Apologies for taking this quote out on its own, adipocere, because I go back and forth about hate laws as they are implemented so this is completely not intended to spotlight this statement as TEH WRONG or anything like that. It struck me as being very interesting, because one of my biggest gripes with the war on terra is the spectacle of watching people who are not in danger freaking out as if they are, and indulging their fearfulness as the gateway drug to brutal nationalism. When in fact, as a whole lot of people have been pointing out for years, we have had real ignore-it-at-your-peril domestic terrorism committed by people we consider real Americans as a part of life for certain people for years, and the odds of being harmed by it are actual factor-it-into-your-life-decisions odds (as opposed to the ultra-slim odds of being affected by al qaeda terrorism) for certain groups in certain regions. I have multiple one-degree-of-separation connections to gay-bashing victims. If I was a OB-GYN who did abortions, there are places where I wouldn't practice. I don't know from personal experience whether there are still places where it's physically dangerous to be in a mixed-race couple, but the days in which it definitely was aren't far gone.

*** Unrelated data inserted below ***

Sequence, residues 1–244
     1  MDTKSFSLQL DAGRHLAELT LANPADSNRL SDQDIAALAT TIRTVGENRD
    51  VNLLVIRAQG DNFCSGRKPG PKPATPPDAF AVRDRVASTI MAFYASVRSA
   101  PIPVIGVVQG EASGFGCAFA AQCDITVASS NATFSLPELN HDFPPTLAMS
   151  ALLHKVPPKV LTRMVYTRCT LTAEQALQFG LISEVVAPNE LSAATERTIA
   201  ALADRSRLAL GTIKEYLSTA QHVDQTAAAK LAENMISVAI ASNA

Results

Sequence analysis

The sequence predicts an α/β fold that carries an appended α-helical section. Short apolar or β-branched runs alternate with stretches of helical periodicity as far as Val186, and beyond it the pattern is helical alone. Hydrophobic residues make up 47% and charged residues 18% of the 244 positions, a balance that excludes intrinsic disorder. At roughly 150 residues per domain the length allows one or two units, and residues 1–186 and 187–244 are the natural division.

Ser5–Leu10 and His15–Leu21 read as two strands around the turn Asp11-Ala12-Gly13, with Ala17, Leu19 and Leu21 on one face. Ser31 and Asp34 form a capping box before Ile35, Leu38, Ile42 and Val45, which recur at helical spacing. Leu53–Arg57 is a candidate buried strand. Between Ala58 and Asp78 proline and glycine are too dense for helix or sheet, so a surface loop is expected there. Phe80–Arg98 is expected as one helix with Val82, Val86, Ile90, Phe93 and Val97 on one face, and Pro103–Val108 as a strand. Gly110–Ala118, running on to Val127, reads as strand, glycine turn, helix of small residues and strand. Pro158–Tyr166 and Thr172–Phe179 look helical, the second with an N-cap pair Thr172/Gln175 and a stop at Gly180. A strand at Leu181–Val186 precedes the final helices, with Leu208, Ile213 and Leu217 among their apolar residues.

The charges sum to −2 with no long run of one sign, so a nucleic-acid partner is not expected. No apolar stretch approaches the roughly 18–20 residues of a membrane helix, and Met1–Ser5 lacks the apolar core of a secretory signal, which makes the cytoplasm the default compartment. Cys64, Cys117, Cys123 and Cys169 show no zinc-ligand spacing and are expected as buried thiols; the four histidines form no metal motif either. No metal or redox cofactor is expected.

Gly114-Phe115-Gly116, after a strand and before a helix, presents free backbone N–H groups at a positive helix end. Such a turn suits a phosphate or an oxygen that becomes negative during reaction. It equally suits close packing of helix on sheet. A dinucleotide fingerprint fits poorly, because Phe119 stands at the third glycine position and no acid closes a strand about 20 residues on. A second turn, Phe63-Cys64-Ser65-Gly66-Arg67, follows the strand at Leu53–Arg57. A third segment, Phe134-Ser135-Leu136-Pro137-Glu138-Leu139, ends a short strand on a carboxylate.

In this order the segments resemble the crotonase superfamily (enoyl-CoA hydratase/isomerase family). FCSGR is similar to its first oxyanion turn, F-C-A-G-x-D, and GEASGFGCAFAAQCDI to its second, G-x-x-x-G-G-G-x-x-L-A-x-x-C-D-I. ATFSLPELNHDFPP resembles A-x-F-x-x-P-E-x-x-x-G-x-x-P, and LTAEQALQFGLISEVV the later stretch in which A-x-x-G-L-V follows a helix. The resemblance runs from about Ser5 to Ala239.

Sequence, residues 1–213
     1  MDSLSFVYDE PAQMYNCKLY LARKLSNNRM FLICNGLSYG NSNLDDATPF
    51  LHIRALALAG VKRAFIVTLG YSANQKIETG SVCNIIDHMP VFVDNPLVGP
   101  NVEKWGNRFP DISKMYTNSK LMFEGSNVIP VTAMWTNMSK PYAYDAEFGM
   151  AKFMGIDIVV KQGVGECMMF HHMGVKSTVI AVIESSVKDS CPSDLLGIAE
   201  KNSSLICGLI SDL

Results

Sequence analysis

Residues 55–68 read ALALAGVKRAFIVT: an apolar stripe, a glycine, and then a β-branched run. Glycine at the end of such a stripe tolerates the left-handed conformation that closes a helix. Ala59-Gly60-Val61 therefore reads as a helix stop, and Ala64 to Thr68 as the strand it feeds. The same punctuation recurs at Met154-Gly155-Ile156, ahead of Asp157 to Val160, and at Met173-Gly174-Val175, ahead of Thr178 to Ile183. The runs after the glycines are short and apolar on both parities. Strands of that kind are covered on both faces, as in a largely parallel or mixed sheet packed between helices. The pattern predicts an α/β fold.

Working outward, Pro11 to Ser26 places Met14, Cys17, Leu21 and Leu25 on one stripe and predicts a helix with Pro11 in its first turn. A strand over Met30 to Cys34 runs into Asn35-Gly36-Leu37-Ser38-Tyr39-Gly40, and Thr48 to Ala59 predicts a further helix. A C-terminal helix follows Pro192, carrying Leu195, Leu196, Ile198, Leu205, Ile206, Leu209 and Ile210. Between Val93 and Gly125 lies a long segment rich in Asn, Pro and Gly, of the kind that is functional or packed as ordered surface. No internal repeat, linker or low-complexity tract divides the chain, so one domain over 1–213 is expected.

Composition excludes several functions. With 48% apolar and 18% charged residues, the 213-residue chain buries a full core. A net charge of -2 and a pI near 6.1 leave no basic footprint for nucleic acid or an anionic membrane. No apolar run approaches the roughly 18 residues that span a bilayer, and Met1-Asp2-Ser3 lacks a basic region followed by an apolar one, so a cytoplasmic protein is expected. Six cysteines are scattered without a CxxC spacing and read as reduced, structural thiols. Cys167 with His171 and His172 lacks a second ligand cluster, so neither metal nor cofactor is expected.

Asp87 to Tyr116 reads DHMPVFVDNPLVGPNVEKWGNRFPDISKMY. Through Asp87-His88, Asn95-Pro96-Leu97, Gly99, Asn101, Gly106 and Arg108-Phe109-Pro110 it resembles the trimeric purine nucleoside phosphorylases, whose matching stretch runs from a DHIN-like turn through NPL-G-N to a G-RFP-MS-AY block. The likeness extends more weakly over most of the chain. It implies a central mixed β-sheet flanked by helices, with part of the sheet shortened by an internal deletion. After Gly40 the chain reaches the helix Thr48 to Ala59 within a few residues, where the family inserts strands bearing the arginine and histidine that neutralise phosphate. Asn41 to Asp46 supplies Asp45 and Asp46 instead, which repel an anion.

The crime that the hate laws are intended to address is the use of murder and assault as a means to further a political goal, which in this case is reversing change in the society. That's not so complicated, and if you've ever seen post-imprisonment interviews with politically violent bigots, it is something some of them will freely own up to. That's what "we aren't going to put up with that kind of filth in our town" means.